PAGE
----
1. A, thanks for your considered comments, as always. This is a difficult one, as this post cannot hope to be perceived to be anything other than anti-American. I would never make the mistake of assuming the people were to blame for the wrongs of a country, no more than I am to blame for all the excesses of the old British Empire. That wasn’t really what I was on about, so I guess that I have expressed it wrongly, or written it badly. I can’t agree that things have changed fundamentally, since the 1960’s. Interference in foreign affairs has increased, if anything, and not just by the USA, but Britain too. However, I really believe that this post was nostalgic in concept, and not meant to offend. And I still don’t know why it just occurred to me that afternoon…Regards as ever, Pete.


      1. Thank you, Pete. I understand that you weren’t blaming citizens of the US for what the country or its leaders have done in the past. I am not offended. I understand you aren’t anti-American. I was simply attempting to give you a different perspective and perhaps give you pause in your resolve to avoid visiting the USA. I believe you are depriving yourself, perhaps unnecessarily, of some extremely worthwhile sights, scenery, and historic places. Britain has also, in my opinion, committed its fair share of injustices. Yet, I must admit I thoroughly enjoyed my past visits to London, Stonehenge, Southampton, and Winchester. If I am able to afford traveling in the future, I would very much enjoy returning to Britain and visiting other towns and destinations there.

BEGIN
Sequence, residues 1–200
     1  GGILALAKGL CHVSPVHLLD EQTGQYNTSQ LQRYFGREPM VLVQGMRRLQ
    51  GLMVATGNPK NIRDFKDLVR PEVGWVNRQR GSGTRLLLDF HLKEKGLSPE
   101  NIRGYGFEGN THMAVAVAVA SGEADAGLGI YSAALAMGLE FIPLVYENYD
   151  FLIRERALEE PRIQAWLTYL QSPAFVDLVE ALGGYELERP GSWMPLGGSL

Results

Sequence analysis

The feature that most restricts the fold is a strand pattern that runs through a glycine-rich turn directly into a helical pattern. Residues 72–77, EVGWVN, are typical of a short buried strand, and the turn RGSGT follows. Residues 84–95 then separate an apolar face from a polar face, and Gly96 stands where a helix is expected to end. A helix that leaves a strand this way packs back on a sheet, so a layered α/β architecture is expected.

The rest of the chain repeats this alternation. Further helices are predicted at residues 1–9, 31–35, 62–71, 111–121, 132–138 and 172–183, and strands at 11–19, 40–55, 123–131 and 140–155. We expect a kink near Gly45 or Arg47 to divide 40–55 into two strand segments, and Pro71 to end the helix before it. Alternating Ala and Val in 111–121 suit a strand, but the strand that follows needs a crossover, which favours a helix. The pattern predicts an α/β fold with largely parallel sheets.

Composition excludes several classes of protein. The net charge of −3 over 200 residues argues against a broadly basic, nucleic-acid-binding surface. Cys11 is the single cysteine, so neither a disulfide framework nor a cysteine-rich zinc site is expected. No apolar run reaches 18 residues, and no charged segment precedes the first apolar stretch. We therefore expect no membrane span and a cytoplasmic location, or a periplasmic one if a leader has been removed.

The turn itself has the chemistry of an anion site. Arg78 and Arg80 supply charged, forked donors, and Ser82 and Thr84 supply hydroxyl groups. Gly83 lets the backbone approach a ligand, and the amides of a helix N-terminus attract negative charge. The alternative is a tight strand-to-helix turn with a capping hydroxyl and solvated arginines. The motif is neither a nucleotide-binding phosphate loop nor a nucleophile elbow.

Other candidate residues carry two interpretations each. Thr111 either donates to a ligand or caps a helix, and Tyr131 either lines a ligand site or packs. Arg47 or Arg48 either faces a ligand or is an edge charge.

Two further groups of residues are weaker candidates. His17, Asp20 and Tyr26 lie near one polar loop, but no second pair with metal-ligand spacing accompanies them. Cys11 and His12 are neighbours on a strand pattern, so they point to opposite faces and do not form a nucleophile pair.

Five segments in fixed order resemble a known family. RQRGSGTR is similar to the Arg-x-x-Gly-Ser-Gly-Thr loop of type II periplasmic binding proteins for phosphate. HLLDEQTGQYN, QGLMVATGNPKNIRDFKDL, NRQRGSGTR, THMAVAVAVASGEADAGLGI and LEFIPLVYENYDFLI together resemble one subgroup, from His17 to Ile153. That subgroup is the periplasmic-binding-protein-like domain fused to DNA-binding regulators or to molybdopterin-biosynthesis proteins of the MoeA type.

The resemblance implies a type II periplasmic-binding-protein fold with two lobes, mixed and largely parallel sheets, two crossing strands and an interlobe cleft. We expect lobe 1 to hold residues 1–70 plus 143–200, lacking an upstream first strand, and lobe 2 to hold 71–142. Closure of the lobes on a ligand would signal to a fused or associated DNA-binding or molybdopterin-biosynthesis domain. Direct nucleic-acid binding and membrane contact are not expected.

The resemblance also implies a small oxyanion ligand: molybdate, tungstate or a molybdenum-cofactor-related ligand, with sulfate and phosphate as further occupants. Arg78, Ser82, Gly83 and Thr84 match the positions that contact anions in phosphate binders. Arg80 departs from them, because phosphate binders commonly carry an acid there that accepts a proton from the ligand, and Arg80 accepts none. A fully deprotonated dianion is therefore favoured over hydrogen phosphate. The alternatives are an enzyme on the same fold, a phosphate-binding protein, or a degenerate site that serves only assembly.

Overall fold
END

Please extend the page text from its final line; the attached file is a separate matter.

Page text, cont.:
6. For what it’s worth, this American, who happens to also be Israeli, is not offended by your post. I hope one day you get to visit both places. In my experience, I have found that the people and personal character of a country have little to do with the politics of its government, and most of us are much more similar than our governments would like us to believe. Just my 2 cents.


    1. I was hoping that one of my American commentators would add their ‘two cents worth’, and it is much appreciated. Given your background, even more so, perhaps. I am glad that you are not offended, and see that this is a legacy of my youth, that I am finding hard to shake off in older years. As I have already said, it is not about individuals, and you make a good point about the people having little to do with the policies of government.